By Jordan J. Michael
The Enterprise –– Jordan J. Michael
Hungry for hoops: Guilderland’s varsity teams, like boys’ basketball, lay their foundation in freshman sports. FOGA supports those freshman sports so that players like junior Marc DuMoulin, right, shown here in a game against Ballston Spa last week, can develop their skills.GUILDERLAND –– A group that was forged in the heat of budget cuts –– to preserve freshman sports at Guilderland High School –– is in the process of becoming a tempered, permanent not-for-profit institution.
Emilio Genzano, a former Guilderland School Board member who spearheaded Friends of Guilderland Athletics back in the spring of 2010, said this week that FOGA has a communal vision for giving children an athletic opportunity. “Becoming a not-for-profit makes us an entity, and gives us the ability to have credibility,” he said. “FOGA is just trying to do its part because we hold this vision close to our hearts.”
Hundreds of Guilderland sports boosters turned out at a school board meeting in the spring of 2010 to protest budget cuts to freshman and repeat sports. FOGA was created shortly thereafter, and raised $60,000 from the community to reinstate all the cut sports.
Since then, the Guilderland community has more or less embraced FOGA and its mission.
“Guilderland is a great community,” Genzano said this week. “We’ve been lucky.”
For the 2012-13 school year, half of the budget for freshman sports has been restored. The other half, which is $21,350, is being raised by FOGA and the booster clubs. FOGA’s current goal is $10,675, and $7,150 has been raised so far.
Genzano told The Enterprise that FOGA will be “pretty aggressive” over the next 30 to 60 days as budget season starts again. The deadline for providing funds for softball and baseball is in March.
“There’s always changes in funding, so our work is important and necessary,” said Genzano. “When I was on the board, I always put academics first, but athletics came after that. We’re trying to empower the children.”
FOGA has several fund-raising activities, and will most likely create more.
The Knodler brothers –– Guilderland students Marcus and Brian –– raise money with their own Lake George Challenge every Memorial Day weekend. Marcus is a junior and Brian is a freshman. Both wrestle and play lacrosse and football.
The Knodlers raised $2,000 for FOGA last May with their self-styled triathlon.
Last fall, FOGA received $750 from the Three Chairs for Guilderland event put on by the Guilderland Chamber of Commerce. Also, the Guilderland Letterman Foundation hosts an annual golf tournament, and FOGA raised $4,400 in sponsorships for the event in 2012.
In the summer of 2011, Genzano was asked if fund-raising for freshman sports would be an annual task for FOGA, and he said, “It’s not a permanent thing. I think it’s a necessary evil to maintain what we have.”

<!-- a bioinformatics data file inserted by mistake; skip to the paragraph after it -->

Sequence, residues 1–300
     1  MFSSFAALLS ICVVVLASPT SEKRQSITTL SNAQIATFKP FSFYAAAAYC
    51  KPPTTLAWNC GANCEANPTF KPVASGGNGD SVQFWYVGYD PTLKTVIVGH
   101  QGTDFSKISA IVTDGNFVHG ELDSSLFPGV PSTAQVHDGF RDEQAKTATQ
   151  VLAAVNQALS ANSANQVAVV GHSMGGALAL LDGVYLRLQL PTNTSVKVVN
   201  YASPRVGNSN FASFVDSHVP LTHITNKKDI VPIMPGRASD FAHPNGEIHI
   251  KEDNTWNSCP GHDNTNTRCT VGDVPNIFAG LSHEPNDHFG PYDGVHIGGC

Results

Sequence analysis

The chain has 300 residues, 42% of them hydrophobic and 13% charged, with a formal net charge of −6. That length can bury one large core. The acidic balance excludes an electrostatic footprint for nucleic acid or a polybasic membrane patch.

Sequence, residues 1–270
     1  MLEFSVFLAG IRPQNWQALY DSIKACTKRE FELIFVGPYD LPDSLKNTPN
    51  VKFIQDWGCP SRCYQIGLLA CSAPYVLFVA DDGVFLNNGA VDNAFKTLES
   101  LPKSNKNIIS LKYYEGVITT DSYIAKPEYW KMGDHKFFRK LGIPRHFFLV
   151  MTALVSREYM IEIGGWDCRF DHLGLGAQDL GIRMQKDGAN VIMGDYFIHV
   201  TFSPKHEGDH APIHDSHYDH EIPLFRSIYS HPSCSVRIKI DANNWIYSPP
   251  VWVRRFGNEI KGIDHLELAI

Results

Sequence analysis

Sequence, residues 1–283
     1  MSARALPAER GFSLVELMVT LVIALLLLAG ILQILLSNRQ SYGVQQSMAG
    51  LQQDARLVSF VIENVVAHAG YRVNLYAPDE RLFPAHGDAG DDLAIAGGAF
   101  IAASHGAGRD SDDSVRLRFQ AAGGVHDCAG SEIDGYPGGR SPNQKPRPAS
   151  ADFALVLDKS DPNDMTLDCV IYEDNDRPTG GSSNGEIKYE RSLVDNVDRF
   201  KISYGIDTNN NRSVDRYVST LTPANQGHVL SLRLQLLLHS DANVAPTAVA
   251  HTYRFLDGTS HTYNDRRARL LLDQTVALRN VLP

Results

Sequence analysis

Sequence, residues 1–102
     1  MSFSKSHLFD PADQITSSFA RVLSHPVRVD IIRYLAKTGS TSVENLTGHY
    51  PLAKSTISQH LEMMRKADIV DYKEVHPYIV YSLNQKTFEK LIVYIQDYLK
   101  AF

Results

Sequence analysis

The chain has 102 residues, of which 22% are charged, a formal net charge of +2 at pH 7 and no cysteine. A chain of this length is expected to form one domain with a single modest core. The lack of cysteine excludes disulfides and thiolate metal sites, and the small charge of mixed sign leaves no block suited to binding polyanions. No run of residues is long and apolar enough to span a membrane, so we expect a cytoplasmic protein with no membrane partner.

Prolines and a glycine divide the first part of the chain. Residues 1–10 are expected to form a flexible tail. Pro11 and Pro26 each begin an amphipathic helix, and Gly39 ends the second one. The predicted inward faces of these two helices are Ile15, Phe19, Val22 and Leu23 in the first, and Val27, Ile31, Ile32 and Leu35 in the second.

More recently, though, he said, referring not just to the economy but to the situation schools are in with unfunded mandates and cuts in aid, “I see it getting worse. Looking at the numbers, there’s not going to be an increase in aid. I’ve been on the board and I know what they’re up against. Some schools are doing away with freshman sports. It depends on the vision of the community…I won’t tire out till it’s done.”
Although budgeting for freshman sports is now secured at 50 percent, it could go up or down. There is no way of knowing the future of a still weak economy.
“You hope for the best, but the worst might be around the corner,” Genzano said this week. “Sports are an extracurricular activity, so they can be cut quickly. This is why we need the money available.”
Some Suburban Council schools –– Columbia and Averill Park –– cut freshman teams in the past. Roughly 200 to 250 students play freshman sports at Guilderland. If freshman sports were cut, then athletic development would suffer.
“It’s a pivotal level,” said Genzano of freshman sports. Freshman is the next step up from youth sports. “A lot of kids want sports to occupy their time,” he said. “It’s a way for some kids to find themselves.”
What if Guilderland decided to cut freshman sports entirely? Would FOGA understand?
“It’s not a matter of being acceptable or not,” Genzano said. “We’re here for the kids, and we do what we do. In some cases, you don’t have a choice.”
FOGA always strives to do more because the organization wouldn’t exist if it didn’t try or make sacrifices, he said.
“I think people are getting more and more involved,” Genzano said of FOGA catching on in the community. “Everyone tries to see if it’s real; the more real, the better.”
Becoming a not-for-profit will equal more commitment for FOGA, he said.
What is the current state of Guilderland athletics?
“I think it’s pretty stable,” said Genzano. “We’re in a good place because there’s a lot of awareness.”